Bob Winnell from the Village Building Company has good reason to look contented as he considers 30 years of development in Canberra.
From pioneering the idea of a tram to buying up the Big Banana (and continuing to own a banana plantation), he’s now a long way from the battling builder with big ideas about knitting our community together into a series of villages.
“We’ve had a good slash at everything we tried,” he says with a grin. “I think you could say that we were often well ahead of our time.”
Village is celebrating three decades in the industry as one of the shaping forces in Canberra’s growth. They started with a clear intention to service the entry and lower levels of the market with well developed, well thought out housing, making it possible for families and younger buyers to enter the market.
Village Building Co. is celebrating three decades in the industry as one of the shaping forces in Canberra’s growth. Region Media’s Genevieve Jacobs spoke with founder Bob Winnell and CEO Travis Doherty about how the company has evolved, its approach to connecting communities, and what’s ahead.
Posted by The RiotACT on Sunday, June 30, 2019
The figures are startling in their sheer size and scope. Throughout its 30-year history, Village has completed 15,651 homes and are currently managing a land bank of projects under development which will create a further 2,679 dwellings. Of these total 18,330 dwellings, 12,198 have been located in the ACT: at one stage Village supplied 85 per cent of the affordable housing in Canberra.
They’ve never been interested in the so-called McMansion developments and Bob says Village consciously went against the building trends. “We wanted to service the diverse demographics of Canberra,” he says.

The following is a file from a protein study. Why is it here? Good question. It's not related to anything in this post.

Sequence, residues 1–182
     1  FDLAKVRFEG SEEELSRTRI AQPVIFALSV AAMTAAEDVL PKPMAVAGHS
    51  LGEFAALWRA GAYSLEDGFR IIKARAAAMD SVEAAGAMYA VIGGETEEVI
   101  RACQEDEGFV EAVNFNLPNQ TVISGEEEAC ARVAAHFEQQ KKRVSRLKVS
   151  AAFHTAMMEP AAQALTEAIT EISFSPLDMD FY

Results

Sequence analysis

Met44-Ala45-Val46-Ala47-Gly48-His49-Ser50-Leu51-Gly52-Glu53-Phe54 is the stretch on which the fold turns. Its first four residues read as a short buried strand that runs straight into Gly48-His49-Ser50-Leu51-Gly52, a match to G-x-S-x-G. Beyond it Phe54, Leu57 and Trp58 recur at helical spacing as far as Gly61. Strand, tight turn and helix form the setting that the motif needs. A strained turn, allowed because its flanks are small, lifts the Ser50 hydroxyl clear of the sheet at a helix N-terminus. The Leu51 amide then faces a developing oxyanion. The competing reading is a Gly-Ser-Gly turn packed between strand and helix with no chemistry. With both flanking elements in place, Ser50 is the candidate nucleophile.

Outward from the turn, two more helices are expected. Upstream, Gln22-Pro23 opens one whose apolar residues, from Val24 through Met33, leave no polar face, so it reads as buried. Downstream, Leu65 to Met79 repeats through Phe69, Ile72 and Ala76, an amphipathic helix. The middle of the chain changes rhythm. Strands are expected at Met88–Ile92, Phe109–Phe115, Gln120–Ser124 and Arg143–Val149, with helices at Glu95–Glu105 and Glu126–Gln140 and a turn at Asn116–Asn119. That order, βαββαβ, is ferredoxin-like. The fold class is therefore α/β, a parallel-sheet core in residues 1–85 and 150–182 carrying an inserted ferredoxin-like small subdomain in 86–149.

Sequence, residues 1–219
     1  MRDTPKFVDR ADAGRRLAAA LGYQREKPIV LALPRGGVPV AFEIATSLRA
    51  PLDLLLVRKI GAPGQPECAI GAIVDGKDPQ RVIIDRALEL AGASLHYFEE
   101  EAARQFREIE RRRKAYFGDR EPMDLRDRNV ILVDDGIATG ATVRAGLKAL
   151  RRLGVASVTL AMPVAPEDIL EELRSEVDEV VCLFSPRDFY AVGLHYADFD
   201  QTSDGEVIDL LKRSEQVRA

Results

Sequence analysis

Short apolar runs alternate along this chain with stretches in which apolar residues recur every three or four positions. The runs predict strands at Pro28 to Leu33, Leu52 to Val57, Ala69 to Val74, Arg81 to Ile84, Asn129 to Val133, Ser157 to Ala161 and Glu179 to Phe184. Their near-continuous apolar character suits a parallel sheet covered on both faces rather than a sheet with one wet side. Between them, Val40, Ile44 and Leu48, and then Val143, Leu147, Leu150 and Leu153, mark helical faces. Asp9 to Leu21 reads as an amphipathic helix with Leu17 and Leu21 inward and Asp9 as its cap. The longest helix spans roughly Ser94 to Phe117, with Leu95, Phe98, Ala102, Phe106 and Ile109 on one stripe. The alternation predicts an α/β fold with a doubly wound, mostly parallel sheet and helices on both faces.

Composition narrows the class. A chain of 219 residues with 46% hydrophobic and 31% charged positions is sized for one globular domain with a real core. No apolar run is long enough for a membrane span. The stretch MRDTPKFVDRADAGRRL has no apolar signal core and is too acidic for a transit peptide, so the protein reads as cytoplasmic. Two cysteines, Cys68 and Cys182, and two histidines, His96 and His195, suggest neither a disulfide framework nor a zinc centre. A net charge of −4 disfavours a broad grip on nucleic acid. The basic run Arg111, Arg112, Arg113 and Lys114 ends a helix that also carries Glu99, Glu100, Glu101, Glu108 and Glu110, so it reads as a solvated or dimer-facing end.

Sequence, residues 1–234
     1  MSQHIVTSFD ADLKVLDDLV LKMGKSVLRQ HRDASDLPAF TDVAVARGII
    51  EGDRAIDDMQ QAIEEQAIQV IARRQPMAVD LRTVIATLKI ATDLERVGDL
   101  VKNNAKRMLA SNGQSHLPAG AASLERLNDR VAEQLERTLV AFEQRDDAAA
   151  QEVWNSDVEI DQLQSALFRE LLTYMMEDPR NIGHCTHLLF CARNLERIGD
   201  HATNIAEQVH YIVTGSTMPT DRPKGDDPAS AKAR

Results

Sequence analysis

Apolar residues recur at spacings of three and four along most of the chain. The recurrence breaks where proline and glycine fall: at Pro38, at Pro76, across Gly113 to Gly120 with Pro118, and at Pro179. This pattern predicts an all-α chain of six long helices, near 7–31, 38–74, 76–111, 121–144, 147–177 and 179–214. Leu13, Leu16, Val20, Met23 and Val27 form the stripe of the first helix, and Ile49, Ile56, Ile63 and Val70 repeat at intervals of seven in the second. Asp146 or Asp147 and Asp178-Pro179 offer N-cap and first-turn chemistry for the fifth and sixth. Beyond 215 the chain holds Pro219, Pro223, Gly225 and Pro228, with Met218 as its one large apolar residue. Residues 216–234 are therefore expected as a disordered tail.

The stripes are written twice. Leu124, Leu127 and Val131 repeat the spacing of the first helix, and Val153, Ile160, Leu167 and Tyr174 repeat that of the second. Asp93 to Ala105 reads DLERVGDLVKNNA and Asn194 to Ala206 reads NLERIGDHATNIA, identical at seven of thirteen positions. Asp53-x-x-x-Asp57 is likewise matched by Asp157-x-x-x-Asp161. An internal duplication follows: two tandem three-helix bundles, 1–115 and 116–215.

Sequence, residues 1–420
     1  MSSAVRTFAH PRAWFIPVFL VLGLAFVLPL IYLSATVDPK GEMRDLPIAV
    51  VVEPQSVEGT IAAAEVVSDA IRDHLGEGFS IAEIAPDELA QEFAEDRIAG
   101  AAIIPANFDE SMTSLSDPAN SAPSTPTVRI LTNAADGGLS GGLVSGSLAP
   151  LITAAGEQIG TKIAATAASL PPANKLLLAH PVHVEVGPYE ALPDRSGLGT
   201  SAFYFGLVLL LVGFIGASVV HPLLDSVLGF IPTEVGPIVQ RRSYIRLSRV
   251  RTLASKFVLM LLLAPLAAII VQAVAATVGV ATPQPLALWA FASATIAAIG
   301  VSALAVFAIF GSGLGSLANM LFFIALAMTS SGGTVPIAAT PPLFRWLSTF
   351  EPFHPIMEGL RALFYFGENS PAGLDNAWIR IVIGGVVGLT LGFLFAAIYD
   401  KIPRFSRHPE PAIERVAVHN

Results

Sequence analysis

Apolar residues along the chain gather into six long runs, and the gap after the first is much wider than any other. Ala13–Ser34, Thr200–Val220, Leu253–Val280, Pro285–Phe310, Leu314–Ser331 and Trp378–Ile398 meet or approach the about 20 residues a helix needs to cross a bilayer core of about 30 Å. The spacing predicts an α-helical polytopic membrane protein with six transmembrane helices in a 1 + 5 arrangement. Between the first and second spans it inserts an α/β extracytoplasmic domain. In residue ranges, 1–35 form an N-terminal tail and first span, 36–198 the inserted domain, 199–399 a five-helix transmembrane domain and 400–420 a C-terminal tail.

“I believe that providing less and less affordable housing has implications for Australian society that are not being addressed across the board by State and Federal governments.
“The company’s followed several principals: affordability first, and a commitment to affordable housing as an essential element of an equitable society. I’m also a big believer that public transport also increases the equity of any community. And a company should also contribute to the cultural life of the community.”
That commitment is made clear through the Village Centre at the National Arboretum, but Bob says philanthropy never works unless it’s grounded in a strong business model and a duty to shareholders who have in many cases been with him for years and feel like family.
He’s argued with successive governments over the Tralee project, now underway, and raises an eyebrow at the idea that densification is anything new. “The biggest pressure we had was leading the government towards denser building sites and building models, of small lots and courtyard buildings,” he says.
Current CEO Travis Doherty says what the Canberra market wants is also changing. “Thirty years ago it was quarter acre blocks and the traditional idea of a house. Now affordability is a huge factor, and that means we have to be quite innovative and flexible about what we can offer to buyers.”
There are still challenges with the bureaucracy over matters like fair and efficient taxes and charges and development regulations that focus on getting the outcomes right rather than ticking every box in the process. Doherty also flags the ongoing pressures around strategic long term land supply and opportunities as an ongoing challenge for Village’s share of the market.
“I think Bob personifies what we’re about, connecting communities, and not just the people we build homes for but also the broader community. Loyalty matters in our industry and our shareholders and investors have also been incredibly loyal to us. It’s a good feeling as the city grows,” he says.
As their South Jerrabomberra and Weston projects (on the former AFP site) come online, the company has a busy decade ahead of it. The birthday celebrations also make it a good time to consider what’s ahead for Village.
“I think apart from being community focused and delivering good returns to shareholders you also need to have a company with integrity that bases itself on honesty,” Bob Winnell says. “You won’t always get things right, you’ll make mistakes. But you must deal with public issues in an open way.
“You cannot be a shrinking violet if you want to be an agent for change.”